First Osmotic Power Plant Goes Live in Norway

· The groundbreaking plant produces about enough power to make a pot of delicious coffee.
Osmotic Power - www.popsci.com
Osmotic Power
Osmotic power works by separating saltwater and seawater in two chambers separated by a polymer membrane that will only allow freshwater to pass through. The salinity of the seawater draws the freshwater through the membrane, creating a great deal of pressure on the seawater side. That pressure can be used to turn a turbine to create power.
When it comes to harnessing the energy potential of the oceans, the Norwegians have no problem starting small. The world's first osmotic power plant opened today in Tofte, Norway, utilizing the properties of salty seawater to generate a whopping 4 kilowatts of electricity for the grid, or about enough to power a coffee maker. But the Norwegian company running the project, Statkraft, is a glass-half-full kind of company, claiming that eventually osmotic plants could draw half of Europe's electricity from the saltiness of the sea.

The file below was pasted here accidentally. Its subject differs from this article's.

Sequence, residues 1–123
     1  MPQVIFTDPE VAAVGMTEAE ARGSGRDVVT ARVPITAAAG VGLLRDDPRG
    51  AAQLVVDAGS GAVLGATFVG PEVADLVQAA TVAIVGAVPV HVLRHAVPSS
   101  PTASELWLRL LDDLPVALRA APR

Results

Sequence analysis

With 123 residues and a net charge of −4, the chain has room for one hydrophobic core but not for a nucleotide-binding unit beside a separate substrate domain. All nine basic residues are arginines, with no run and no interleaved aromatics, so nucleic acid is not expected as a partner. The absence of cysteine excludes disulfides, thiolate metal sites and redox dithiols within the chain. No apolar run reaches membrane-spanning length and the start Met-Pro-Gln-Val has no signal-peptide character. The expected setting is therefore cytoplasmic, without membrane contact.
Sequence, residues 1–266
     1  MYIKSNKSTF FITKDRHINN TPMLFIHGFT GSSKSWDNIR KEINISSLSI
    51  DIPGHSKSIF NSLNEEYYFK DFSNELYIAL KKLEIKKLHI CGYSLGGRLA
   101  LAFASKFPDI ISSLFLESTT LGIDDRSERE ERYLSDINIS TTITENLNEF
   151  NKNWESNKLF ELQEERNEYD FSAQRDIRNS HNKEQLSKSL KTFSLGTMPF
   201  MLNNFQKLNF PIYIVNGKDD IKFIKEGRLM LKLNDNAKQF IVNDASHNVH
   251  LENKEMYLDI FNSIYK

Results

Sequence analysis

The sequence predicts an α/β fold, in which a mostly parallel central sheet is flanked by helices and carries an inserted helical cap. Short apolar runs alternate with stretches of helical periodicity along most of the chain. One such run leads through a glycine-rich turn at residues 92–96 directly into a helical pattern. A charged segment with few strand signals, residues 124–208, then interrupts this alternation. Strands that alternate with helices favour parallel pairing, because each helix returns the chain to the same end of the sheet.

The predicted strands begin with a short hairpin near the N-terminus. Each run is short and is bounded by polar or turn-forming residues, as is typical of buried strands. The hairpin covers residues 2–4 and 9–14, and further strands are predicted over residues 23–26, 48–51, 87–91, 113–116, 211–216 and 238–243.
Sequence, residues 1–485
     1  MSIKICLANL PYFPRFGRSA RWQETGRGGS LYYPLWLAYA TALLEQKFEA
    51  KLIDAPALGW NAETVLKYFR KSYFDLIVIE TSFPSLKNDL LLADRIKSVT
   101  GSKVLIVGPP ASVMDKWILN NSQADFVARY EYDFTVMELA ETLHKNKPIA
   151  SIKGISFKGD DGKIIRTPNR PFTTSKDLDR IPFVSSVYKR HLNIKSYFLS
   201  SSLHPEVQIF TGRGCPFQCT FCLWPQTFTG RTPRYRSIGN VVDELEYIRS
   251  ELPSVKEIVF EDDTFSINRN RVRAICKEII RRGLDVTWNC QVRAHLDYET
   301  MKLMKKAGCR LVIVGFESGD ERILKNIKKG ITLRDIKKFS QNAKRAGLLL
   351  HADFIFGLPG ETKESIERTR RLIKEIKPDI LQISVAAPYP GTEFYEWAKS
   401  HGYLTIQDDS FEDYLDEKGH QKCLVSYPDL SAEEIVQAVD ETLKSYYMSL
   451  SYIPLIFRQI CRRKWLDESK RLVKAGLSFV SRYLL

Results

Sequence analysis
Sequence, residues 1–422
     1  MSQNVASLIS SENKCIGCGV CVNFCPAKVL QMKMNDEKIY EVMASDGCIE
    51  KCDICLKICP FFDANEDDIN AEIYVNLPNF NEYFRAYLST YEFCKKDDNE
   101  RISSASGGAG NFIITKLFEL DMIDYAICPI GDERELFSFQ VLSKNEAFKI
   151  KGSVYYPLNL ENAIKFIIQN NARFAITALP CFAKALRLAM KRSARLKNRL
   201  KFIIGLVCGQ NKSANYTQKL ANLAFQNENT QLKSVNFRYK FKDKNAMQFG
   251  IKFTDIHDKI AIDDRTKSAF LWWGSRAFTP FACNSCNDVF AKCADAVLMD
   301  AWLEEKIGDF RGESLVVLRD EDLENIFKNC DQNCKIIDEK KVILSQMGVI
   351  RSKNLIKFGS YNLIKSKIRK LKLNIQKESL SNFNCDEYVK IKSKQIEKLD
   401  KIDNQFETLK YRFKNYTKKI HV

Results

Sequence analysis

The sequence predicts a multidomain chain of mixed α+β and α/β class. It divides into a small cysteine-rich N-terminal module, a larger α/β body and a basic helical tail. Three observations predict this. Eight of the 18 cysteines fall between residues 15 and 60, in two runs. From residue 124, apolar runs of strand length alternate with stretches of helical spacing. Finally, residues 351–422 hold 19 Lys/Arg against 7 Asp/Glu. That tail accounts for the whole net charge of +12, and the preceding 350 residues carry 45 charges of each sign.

The Tofte plant cost between $7 million and $8 million, not too shabby for a power plant if, of course, it can offer more than just a pot of coffee. One quick solution: implement osmotic plants near desalination facilities, which produce a briny water twice as salty as seawater as a byproduct.
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Via Fb buddy, Sandra. Salud!
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